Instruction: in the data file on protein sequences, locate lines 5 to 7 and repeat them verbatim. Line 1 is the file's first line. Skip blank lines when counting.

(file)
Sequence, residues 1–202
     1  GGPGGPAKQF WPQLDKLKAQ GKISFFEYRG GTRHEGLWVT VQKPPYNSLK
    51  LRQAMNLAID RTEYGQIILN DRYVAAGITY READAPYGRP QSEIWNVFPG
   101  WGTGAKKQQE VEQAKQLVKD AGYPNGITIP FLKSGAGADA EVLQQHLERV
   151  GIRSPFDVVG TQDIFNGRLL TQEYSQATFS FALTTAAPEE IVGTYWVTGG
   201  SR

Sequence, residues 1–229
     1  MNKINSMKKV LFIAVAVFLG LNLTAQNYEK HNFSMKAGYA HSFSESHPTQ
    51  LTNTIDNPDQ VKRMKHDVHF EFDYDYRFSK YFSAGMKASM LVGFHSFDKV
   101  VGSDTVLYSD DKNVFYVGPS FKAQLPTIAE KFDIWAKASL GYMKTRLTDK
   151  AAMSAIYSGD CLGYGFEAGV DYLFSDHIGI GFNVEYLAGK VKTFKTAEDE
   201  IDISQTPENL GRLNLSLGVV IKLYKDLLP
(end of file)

   151  GIRSPFDVVG TQDIFNGRLL TQEYSQATFS FALTTAAPEE IVGTYWVTGG
   201  SR

Sequence, residues 1–229